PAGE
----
Amaringo came from a family of vegetalistas, the mestizo shamans of the region who are experts in traditional plant medicine, especially the powerful ayahuasca brew. Although he was considered a mestizo, his family had kinship ties with different Amazonian indigenous groups, like the Cocama and the Piro. In his youth, Amaringo suffered from a disease which was cured through the plant medicine ayahuasca. From this moment on, he learned to draw and paint, and became a healer himself, instructed in the spiritual mysteries of the plants.

Initially, he did not paint his shamanic visions; instead, his artistic efforts were focused primarily on painting portraits and landscapes. This focus changed in the 1980s, after he met anthropologist Luis Eduardo Luna, who was doing research on Amazonian mestizo shamanism and asked him to draw some of the visions he had under the effect of ayahuasca.

As the quality of the works was quite high, in addition to their originality, Luna proposed a partnership with Amaringo for the publication of a book containing the latter’s paintings, along with some comments about the visions, made by the artist himself, and introductory texts authored by the anthropologist.

The result of this partnership can now be found in the book Ayahuasca Visions: The Religious Iconography of a Peruvian Shaman, published in 1991 (Luna & Amaringo, 1991)1 In its pages, the reader is delighted by the impressive images of the many spiritual realms visited by Amaringo.

After this collaboration with Luna, Amaringo became increasingly known in the art world, reaching larger audiences through exhibitions in Europe and the United States. In 1988, the two also founded an art school in Pucallpa, the second largest city in Peruvian Amazonia. This school, named Usko-Ayar (meaning “spiritual prince” in Quechua), functions even today, while transmitting the traditions and techniques of Amazonian painting to younger generations under the auspices of Pablo Amaringo’s work and its unique style.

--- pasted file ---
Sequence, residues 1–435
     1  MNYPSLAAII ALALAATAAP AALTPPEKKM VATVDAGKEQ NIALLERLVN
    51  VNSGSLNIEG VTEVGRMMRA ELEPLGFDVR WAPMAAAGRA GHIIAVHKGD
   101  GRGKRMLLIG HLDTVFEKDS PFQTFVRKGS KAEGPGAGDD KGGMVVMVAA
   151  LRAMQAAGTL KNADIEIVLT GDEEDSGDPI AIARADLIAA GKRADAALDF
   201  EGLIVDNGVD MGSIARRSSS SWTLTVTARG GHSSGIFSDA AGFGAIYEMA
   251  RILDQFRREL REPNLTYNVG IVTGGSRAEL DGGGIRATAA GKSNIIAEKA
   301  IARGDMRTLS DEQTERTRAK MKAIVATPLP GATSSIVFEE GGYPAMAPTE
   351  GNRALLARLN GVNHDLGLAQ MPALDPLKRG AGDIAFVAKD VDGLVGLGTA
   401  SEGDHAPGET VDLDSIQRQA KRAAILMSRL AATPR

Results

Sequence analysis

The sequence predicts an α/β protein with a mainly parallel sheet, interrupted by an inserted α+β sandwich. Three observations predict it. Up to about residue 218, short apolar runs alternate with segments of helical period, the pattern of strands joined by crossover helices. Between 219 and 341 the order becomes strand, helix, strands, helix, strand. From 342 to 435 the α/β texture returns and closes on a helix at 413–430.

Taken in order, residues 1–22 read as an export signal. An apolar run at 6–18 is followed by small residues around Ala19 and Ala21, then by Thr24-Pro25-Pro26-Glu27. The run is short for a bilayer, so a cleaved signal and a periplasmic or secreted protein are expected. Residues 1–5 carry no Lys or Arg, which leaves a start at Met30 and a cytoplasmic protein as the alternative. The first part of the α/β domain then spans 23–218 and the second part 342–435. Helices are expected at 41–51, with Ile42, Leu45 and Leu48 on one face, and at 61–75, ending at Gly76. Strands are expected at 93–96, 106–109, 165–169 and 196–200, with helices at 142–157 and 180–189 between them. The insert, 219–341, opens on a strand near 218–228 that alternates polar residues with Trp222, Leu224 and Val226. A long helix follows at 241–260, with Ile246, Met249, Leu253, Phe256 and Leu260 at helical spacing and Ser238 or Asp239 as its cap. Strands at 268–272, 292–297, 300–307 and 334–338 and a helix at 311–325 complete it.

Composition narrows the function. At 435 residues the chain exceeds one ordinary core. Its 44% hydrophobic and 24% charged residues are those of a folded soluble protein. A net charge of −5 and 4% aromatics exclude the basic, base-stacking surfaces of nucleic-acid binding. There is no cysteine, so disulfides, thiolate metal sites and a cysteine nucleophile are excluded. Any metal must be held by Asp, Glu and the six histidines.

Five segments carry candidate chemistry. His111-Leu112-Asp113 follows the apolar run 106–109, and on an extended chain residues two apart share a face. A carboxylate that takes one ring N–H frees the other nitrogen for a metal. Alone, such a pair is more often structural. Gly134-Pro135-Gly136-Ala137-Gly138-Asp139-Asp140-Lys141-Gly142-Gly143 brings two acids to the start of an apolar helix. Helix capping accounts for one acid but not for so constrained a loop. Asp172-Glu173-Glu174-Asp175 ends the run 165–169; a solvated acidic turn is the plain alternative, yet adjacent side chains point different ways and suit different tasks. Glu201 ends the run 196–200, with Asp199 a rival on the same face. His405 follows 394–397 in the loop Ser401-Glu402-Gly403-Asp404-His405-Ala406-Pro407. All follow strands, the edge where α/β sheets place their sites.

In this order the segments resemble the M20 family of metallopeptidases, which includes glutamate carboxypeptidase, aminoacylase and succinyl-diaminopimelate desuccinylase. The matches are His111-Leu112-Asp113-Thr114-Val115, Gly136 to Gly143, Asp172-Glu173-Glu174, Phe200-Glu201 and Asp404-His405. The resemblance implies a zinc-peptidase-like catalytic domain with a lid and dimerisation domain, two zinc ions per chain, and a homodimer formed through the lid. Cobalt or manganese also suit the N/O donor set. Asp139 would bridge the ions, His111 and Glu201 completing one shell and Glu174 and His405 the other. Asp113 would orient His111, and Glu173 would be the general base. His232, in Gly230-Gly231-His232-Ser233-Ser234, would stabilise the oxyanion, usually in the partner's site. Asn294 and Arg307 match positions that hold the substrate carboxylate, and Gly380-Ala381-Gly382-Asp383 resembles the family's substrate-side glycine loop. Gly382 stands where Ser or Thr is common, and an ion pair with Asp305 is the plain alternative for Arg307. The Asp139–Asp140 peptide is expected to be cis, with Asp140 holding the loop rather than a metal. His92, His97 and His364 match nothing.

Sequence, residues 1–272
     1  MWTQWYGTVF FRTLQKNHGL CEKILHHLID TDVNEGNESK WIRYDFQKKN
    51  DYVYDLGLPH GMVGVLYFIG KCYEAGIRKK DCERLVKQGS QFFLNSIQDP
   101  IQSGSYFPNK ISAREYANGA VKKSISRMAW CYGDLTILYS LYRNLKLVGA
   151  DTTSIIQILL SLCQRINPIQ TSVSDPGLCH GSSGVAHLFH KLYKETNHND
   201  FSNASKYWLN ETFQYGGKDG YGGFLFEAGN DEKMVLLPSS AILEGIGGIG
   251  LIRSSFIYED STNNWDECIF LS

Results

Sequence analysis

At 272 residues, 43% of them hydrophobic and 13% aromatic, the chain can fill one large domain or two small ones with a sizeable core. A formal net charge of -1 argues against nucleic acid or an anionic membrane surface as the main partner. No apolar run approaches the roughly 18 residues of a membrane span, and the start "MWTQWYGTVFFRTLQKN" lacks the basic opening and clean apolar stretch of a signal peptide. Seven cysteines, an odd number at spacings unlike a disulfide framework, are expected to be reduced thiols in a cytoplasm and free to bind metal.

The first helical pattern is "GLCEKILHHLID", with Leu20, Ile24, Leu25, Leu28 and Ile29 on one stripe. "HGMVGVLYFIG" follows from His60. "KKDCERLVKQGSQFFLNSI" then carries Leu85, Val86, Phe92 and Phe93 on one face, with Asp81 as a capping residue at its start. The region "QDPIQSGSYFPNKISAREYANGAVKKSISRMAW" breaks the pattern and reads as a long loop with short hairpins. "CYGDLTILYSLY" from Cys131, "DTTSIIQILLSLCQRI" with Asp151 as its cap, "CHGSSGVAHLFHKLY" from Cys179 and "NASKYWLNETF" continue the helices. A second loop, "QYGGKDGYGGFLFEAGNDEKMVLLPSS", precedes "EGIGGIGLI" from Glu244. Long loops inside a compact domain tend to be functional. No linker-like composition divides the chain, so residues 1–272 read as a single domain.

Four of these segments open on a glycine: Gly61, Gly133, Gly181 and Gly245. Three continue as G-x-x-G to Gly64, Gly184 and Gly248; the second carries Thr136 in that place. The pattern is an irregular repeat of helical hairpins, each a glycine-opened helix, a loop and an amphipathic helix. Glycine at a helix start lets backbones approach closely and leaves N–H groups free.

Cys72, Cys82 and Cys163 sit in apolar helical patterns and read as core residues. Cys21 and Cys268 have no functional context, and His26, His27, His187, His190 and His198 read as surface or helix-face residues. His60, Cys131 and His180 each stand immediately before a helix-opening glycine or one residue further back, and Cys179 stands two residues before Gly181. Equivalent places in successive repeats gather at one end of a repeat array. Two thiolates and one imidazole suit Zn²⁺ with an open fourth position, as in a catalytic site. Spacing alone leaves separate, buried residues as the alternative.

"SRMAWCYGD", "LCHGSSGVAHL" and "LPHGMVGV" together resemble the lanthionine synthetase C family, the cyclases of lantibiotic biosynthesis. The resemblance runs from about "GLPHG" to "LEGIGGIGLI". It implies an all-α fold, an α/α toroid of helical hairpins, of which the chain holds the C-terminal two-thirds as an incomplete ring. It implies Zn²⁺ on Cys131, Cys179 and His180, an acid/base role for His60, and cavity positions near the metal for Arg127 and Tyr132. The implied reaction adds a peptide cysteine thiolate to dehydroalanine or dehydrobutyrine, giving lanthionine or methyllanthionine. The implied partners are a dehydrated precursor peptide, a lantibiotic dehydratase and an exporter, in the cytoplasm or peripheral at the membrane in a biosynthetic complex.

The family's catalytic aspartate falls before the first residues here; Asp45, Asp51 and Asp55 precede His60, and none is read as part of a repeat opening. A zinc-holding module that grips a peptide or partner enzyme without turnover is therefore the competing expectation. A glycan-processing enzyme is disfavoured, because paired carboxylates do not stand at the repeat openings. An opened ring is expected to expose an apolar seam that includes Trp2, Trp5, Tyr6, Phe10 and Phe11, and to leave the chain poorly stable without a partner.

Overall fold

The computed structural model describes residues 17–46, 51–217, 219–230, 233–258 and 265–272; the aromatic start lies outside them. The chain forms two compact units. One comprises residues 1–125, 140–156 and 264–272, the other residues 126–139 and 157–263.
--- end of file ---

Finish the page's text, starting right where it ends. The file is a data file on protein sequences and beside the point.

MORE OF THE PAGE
Fig. 1. The Sublimity of the Sumiruna. Pablo Amaringo. Credit: Luna & Amaringo, 1991, p. 89

The Shining Colors of Anderson Debernardi

His work has attracted great admiration for its colorful depiction of Amazonian animals, plants, and spirits, as seen in the context of ayahuasca rituals.

Among the pupils of Usko-Ayar, one of the most successful is Anderson Debernardi, who was one of its first students back in the late 1980s. He also taught at the school and had exhibitions in countries as far away as the United States and Finland. Debernardi was born in 1968 in Orellana, a small town near the Ucayali river in Peruvian Amazonia, and grew up between the cities of Iquitos and Pucallpa. His work has attracted great admiration for its colorful depiction of Amazonian animals, plants, and spirits, as seen in the context of ayahuasca rituals. Today, Debernardi is a consecrated visionary artist, whose work has gained attention both in Peru and abroad.  

Fig. 2 Warmi-Bobinzana. Credit: Anderson Debernardi. https://debernardivision.com/galleries/visions/

Paolo del Águila’s Supernatural Gift